The Challenges of a Country with no Immigrants – The Story of Japan

Some good friends of mine are currently traveling in Japan. And they are doing what most people are doing in Japan – having fun, eating, instagraming and enjoying this amazing country. Japan used to be a far and expensive destination, and while the distance has not changed dramatically, the Country became much more accessible lately and the flights’ prices to Japan are much lower than they used to be. Also, Tokyo, which was considered once the most expensive city in the world, is now actually considered a very affordable place, as a new survey found that an average dinner in Tokyo would be the cheapest among 35 top destinations. So, I will use this opportunity to write about the huge challenges the economy of Japan is facing, most of them related to one very problematic inequation– the population of Japan is shrinking, but immigrants are still not welcomed.

The economy of Japan

The economy of Japan is the third-largest in the world. Japan is one of the world’s largest automobile and electronics goods manufacturer countries in the world, but its most brilliant days were in the 80’s, as after two decades of hyper-growth, Japan has become a world economic leader. Back then, some believed that Japan is on its way to surpass the U.S as the biggest economy worldwide. But then, growth slowed dramatically and Japan entered a Lost Decade after the collapse of the Japanese asset price bubble. The economy stagnated and the country entered a long period of deflation, which it has not completely overcome even today.

But Japan slowly recovered since, and the veteran president, Shinzō Abe, has been featuring his economic policy – Abenomics, which has been fairly successful achieving a sustainable and solid growth. But Japan structural problems haven’t changed, as the challenges posed by a declining population cannot be underestimated. Projections for Japan’s population suggest that it will fall from 127 million today down to below 100 million by the middle of the 21st century.

Source: Wikimedia Commons

Japan is not the only country facing declining birthrate, as the phenomenon exists in most Western countries. However, most of these countries have removed barriers toward immigration, at least for young and educated foreigners, while the Japanese government has been reluctant to do so, since foreign immigration to Japan has been unpopular among citizens.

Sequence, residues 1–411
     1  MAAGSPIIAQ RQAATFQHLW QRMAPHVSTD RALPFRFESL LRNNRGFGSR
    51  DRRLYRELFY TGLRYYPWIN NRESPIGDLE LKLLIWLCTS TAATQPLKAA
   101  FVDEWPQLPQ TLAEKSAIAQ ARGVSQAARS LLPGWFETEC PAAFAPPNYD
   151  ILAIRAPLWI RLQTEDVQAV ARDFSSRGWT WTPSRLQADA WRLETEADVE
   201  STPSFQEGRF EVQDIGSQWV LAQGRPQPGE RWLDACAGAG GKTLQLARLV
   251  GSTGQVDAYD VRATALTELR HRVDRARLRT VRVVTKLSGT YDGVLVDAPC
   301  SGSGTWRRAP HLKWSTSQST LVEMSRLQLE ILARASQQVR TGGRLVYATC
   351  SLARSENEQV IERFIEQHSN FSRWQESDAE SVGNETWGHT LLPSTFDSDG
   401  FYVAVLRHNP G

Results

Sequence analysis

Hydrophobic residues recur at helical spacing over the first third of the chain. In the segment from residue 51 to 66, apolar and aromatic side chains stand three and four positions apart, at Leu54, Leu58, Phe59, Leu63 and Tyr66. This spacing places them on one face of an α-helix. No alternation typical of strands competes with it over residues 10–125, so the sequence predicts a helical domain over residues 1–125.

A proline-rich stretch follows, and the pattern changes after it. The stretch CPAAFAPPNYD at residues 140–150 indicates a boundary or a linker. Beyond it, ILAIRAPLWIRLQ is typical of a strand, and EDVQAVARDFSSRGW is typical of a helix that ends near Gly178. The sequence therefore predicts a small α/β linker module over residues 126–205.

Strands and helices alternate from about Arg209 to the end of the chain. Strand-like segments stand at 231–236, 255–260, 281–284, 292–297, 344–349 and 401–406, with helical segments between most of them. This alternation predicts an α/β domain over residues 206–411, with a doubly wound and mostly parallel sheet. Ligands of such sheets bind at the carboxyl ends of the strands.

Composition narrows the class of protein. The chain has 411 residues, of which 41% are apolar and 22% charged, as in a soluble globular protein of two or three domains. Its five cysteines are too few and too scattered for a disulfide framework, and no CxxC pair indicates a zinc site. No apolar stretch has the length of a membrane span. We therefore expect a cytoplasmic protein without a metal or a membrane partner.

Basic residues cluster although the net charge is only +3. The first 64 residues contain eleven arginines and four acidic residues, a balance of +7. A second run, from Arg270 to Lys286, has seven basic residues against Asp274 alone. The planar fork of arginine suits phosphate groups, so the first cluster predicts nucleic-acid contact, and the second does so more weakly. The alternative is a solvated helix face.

Immigration to Japan

Japan has one of the lowest immigration rates among developed countries. The country is extremely homogenous and historically the integration of foreigners in Japan was very limited. The first immigrants to Japan were Europeans who arrived in 1550 and brought some bad influence to the country, which resulted a closing of the borders for almost 300 years, until the late 19th century. Even after immigration became legal, the immigration was very limited based on geographical (being an island) and cultural reasons. The Japanese society had always been averse towards immigration, and even today, the shrinkage of the population has not necessarily changed the public opinion on the issue. But the population of Japan is aging and shrinking, and the economy will not be able to grow with a diminishing population, not only because there are less working hands, but also because the pyramid of ages will turn upside down.

Country’s population has to grow so that the population will look like a pyramid – The basis is wide, whereas the top is thin. Japan is the first (but not last) country which is starting to turn this pyramid upside down. Not many babies are born nowadays in Japan, while not many old people die, which is obviously a good thing, but also puts another burden on the economy. Japan is ranked first in the world in life expectancy, and last in childbirth. These parameters create an equation with only one answer – less working people.

Japan population pyramid looks like this:

The world pyramid of ages is extremely different: